81. Saini, I.; Rozra, J.; Chandak, N.; Aggarwal, S.; Sharma, P.K.; Sharma, A. Tailoring of electrical, optical and structural properties of PVA by addition of Ag nanoparticles. Mater. Chem. Phys. 2013, 139, 802–810. [Google Scholar] [CrossRef]
  82. Wemple, S.H.; DiDomenico, M. Behavior of the electronic dielectric constant in covalent and ionic materials. Phys. Rev. B 1971, 3, 1338–1351. [Google Scholar] [CrossRef]
  83. Ammar, A.H. Studies on some structural and optical properties of ZnxCd1-xTe thin films. Appl. Surf. Sci. 2002, 201, 9–19. [Google Scholar] [CrossRef]
  84. Benchaabane, A.; Ben Hamed, Z.; Kouki, F.; Abderrahmane Sanhoury, M.; Zellama, K.; Zeinert, A.; Bouchriha, H. Performances of effective medium model in interpreting optical properties of polyvinylcarbazole:ZnSe nanocomposites. J. Appl. Phys. 2014, 115, 134313. [Google Scholar] [CrossRef]
Figure 1. Ultraviolet-visible (UV-vis) absorption spectrum for Al3+-metal complex.
Figure 1. Ultraviolet-visible (UV-vis) absorption spectrum for Al3+-metal complex.
Polymers 13 01316 g001
Figure 2. Fourier-transform infrared spectroscopy (FTIR) band of black tea leaf.
Figure 2. Fourier-transform infrared spectroscopy (FTIR) band of black tea leaf.
Polymers 13 01316 g002
Figure 3. FTIR band of Al3+ complex.
Figure 3. FTIR band of Al3+ complex.
Polymers 13 01316 g003
Figure 4. The proposed structures for the formation of (A) Al3+-polyphenol complex, (B) Al3+-caffeine complex and (C) complex form involving both polyphenol and caffeine components
Figure 4. The proposed structures for the formation of (A) Al3+-polyphenol complex, (B) Al3+-caffeine complex and (C) complex form involving both polyphenol and caffeine components
Polymers 13 01316 g004
Figure 5. FTIR spectra of (i) PVALMC0, (ii) PVALMC1, and (iii) PVALMC2 in the region (a) 400–1900 cm−1 and (b) 2500–4000 cm−1.
Figure 5. FTIR spectra of (i) PVALMC0, (ii) PVALMC1, and (iii) PVALMC2 in the region (a) 400–1900 cm−1 and (b) 2500–4000 cm−1.
Polymers 13 01316 g005
Figure 6. X-ray diffraction (XRD) pattern for the PVALMC0, PVALMC1, and PVALMC2 samples.
Figure 6. X-ray diffraction (XRD) pattern for the PVALMC0, PVALMC1, and PVALMC2 samples.
Polymers 13 01316 g006
Figure 7. Absorption spectra for the PVALMC0, PVALMC1, and PVALMC2 samples.
Figure 7. Absorption spectra for the PVALMC0, PVALMC1, and PVALMC2 samples.
Polymers 13 01316 g007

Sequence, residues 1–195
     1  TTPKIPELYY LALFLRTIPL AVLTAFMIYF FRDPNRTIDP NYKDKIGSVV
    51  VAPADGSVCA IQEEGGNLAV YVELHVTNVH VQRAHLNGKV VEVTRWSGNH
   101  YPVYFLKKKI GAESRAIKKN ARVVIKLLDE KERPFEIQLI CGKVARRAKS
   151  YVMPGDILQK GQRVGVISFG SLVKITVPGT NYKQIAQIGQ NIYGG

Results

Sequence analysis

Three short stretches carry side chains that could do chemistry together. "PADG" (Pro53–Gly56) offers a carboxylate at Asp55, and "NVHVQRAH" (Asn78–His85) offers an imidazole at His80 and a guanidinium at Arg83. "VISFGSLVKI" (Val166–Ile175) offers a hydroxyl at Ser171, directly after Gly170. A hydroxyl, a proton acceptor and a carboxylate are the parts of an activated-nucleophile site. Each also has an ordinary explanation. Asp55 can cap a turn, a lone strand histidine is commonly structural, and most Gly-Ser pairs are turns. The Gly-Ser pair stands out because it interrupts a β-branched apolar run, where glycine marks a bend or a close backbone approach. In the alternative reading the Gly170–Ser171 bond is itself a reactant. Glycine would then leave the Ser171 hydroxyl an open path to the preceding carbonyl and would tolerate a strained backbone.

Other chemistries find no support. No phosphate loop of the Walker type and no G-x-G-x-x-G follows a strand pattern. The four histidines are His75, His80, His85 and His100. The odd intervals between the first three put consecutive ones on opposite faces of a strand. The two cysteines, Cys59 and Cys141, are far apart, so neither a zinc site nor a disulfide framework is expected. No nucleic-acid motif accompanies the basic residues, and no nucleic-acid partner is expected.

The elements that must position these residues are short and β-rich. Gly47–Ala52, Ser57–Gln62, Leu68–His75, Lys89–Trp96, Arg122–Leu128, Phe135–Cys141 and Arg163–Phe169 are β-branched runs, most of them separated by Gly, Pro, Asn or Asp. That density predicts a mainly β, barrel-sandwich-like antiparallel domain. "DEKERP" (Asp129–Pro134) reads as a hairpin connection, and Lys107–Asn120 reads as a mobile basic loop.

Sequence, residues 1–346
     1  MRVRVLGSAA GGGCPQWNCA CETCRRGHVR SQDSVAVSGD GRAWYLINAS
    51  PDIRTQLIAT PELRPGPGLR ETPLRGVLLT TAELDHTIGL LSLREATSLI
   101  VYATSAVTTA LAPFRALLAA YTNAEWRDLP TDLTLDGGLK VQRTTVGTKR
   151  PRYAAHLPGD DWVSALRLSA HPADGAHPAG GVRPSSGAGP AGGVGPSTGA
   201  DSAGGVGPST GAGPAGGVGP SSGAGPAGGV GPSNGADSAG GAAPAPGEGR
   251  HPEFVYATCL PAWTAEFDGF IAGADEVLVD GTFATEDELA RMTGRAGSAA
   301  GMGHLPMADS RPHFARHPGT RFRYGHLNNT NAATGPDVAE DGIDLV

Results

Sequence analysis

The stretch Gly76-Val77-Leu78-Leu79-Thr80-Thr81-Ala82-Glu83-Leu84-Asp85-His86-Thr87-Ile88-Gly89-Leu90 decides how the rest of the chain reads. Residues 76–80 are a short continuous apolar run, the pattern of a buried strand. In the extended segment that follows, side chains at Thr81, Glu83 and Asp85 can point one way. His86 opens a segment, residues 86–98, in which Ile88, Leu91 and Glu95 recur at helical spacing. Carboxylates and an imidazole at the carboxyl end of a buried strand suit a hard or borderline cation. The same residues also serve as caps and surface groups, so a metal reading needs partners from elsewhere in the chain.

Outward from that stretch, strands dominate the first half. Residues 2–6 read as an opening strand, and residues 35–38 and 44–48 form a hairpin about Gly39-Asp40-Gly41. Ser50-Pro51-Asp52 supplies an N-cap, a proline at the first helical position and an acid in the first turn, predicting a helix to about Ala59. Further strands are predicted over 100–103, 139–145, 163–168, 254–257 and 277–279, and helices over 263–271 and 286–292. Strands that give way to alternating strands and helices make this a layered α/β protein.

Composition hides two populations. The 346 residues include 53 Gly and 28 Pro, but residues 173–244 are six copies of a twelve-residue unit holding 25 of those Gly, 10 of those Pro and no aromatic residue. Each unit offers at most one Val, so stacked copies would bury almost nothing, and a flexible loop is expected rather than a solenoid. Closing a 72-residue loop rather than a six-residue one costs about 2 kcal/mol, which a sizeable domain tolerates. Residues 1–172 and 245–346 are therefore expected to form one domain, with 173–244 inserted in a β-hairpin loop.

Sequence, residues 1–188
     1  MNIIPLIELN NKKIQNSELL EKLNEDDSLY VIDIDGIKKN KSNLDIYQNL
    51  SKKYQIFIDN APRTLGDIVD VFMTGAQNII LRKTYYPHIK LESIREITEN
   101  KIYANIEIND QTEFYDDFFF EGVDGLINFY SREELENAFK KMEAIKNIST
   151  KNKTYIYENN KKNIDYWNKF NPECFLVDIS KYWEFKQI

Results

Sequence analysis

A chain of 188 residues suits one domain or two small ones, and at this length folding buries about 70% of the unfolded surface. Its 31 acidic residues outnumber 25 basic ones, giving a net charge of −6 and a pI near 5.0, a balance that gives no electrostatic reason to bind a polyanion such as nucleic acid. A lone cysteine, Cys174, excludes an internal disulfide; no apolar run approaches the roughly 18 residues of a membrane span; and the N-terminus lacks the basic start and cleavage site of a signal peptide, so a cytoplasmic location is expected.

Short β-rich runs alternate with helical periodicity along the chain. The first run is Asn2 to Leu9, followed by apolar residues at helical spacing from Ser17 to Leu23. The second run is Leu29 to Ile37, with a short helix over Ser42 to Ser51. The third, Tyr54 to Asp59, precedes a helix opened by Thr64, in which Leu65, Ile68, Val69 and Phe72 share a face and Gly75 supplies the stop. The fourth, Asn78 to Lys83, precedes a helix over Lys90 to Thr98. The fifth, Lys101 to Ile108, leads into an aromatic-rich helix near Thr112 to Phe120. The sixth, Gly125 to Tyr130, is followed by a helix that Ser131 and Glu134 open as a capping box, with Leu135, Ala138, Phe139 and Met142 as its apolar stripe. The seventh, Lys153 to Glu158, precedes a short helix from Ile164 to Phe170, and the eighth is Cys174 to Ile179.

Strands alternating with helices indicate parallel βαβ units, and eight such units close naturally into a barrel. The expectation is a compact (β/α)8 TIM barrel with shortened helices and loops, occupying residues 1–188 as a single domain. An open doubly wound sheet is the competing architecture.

Figure 8. The plot of α versus hν for the PVALMC0, PVALMC1, and PVALMC2 samples.
Figure 8. The plot of α versus hν for the PVALMC0, PVALMC1, and PVALMC2 samples.
Polymers 13 01316 g008
Figure 9. Refractive index (n) against wavelength (λ) for the PVALMC0, PVALMC1, and PVALMC2 samples.
Figure 9. Refractive index (n) against wavelength (λ) for the PVALMC0, PVALMC1, and PVALMC2 samples.
Polymers 13 01316 g009
Figure 10. Optical dielectric constant (ԑr) against wavelength (λ) for the PVALMC0, PVALMC1, and PVALMC2 samples.
Figure 10. Optical dielectric constant (ԑr) against wavelength (λ) for the PVALMC0, PVALMC1, and PVALMC2 samples.
Polymers 13 01316 g010
Figure 11. The plots of ԑr versus λ2 for the PVALMC0, PVALMC1, and PVALMC2 samples.
Figure 11. The plots of ԑr versus λ2 for the PVALMC0, PVALMC1, and PVALMC2 samples.
Polymers 13 01316 g011aPolymers 13 01316 g011b
Figure 12. Imaginary part of dielectric constant (εi) against hν for the PVALMC0, PVALMC1, and PVALMC2 samples.
Figure 12. Imaginary part of dielectric constant (εi) against hν for the PVALMC0, PVALMC1, and PVALMC2 samples.
Polymers 13 01316 g012
Figure 13. εi against λ3 for the PVALMC0, PVALMC1, and PVALMC2 samples.
Figure 13. εi against λ3 for the PVALMC0, PVALMC1, and PVALMC2 samples.
Polymers 13 01316 g013
Figure 14. Plot of (ahv)2 against hν for the PVALMC0, PVALMC1, and PVALMC2 samples.
Figure 14. Plot of (ahv)2 against hν for the PVALMC0, PVALMC1, and PVALMC2 samples.
Polymers 13 01316 g014
Figure 15. Plot of (ahv)2/3 against hν for the PVALMC0, PVALMC1, and PVALMC2 samples.
Figure 15. Plot of (ahv)2/3 against hν for the PVALMC0, PVALMC1, and PVALMC2 samples.
Polymers 13 01316 g015